Exploring alternative fuels in fuel cells
Ian Robinson always felt a strong pull toward the sciences. In high school, Robinson found true enjoyment and success in physics and chemistry courses, which later shaped his motivation to enter the field of energy.
Inspired to explore alternative energy conversion technologies, Robinson obtained a bachelor’s degree in materials science and engineering. Now a doctoral student in the same field at the University of Maryland, Robinson took his education to the next level through applied research with the Mickey Leland Energy Fellowship Program (MLEF).
The MLEF Program provides students with fellowship opportunities to gain hands-on research experience with the U.S. Department of Energy Office of Fossil Energy. The program’s mission is to strengthen and increase the pipeline of diverse future STEM professionals.
Robinson traveled across the country to Lawrence Berkeley National Laboratory (LBNL), California, to conduct research in the Energy Conversion Group. Under the mentorship of Mike Tucker, Ph.D., Robinson began a project in metal-supported solid oxide fuel cells (MS-SOFCs).
A fuel cell is a device that generates electricity directly through a chemical reaction. MS-SOFCs are a class of fuel cells that generate electricity by oxidizing a fuel; typically hydrogen is used as the fuel for the reaction. Generally, MS-SOFCs are highly efficient. They have long-term stability, low emissions and a low cost. Because of their advantages, MS-SOFCs are being developed for a wide variety of applications, particularly for electric vehicles.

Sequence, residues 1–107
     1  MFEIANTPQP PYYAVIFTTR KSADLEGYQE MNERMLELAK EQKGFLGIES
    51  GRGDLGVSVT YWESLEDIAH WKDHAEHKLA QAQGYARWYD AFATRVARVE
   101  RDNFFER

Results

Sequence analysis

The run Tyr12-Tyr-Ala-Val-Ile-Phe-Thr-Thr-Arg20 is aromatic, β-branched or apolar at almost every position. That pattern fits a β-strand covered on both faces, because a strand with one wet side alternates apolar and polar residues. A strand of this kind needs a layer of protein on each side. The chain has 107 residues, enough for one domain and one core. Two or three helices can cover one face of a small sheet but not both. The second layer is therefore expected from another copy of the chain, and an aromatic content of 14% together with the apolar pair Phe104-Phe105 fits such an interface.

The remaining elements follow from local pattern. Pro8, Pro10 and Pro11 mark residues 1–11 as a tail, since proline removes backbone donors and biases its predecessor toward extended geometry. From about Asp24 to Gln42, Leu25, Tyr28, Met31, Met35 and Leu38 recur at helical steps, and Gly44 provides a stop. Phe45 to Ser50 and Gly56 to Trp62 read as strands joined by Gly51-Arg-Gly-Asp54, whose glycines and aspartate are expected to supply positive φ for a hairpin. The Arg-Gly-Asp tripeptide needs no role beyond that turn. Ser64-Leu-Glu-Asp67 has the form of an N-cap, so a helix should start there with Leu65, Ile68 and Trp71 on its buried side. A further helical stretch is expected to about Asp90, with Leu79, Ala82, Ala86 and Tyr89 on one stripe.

“The mentorship during this experience has helped me grow as a researcher and motivated my scientific pursuits even further.”
The goal of Robinson’s research was to investigate which fuels other than hydrogen could be used with MS-SOFCs. Other fuels would allow flexibility for MS-SOFCs, including the possibility of improving battery electric vehicles. MS-SOFCs may serve as range extenders for electric vehicles. Other possible applications include distributed power generation and off-grid generators. Fuels of interest include methane, natural gas, ammonia and propane.
Robinson assembled MS-SOFCs and observed initial data on the cells’ performance before deciding whether to continue testing. If a cell performed well, it would go on to further testing. If a cell performed poorly, it would be removed and analyzed for possible improvements. Robinson electrochemically tested and characterized the behaviors of cells. His efforts represent an advancement for the research group.
For Robinson, participating as a fellow with the MLEF Program was an excellent opportunity to conduct applied research related to his doctoral study. He also appreciated collaborating with scientists at a national laboratory.
“The mentorship during this experience has helped me grow as a researcher and motivated my scientific pursuits even further,” said Robinson. He returned to the University of Maryland to finish his doctoral degree in materials science and engineering.
The MLEF Program is administered by the Oak Ridge Institute for Science and Education (ORISE) for the U.S. Department of Energy. ORISE is managed for DOE by ORAU.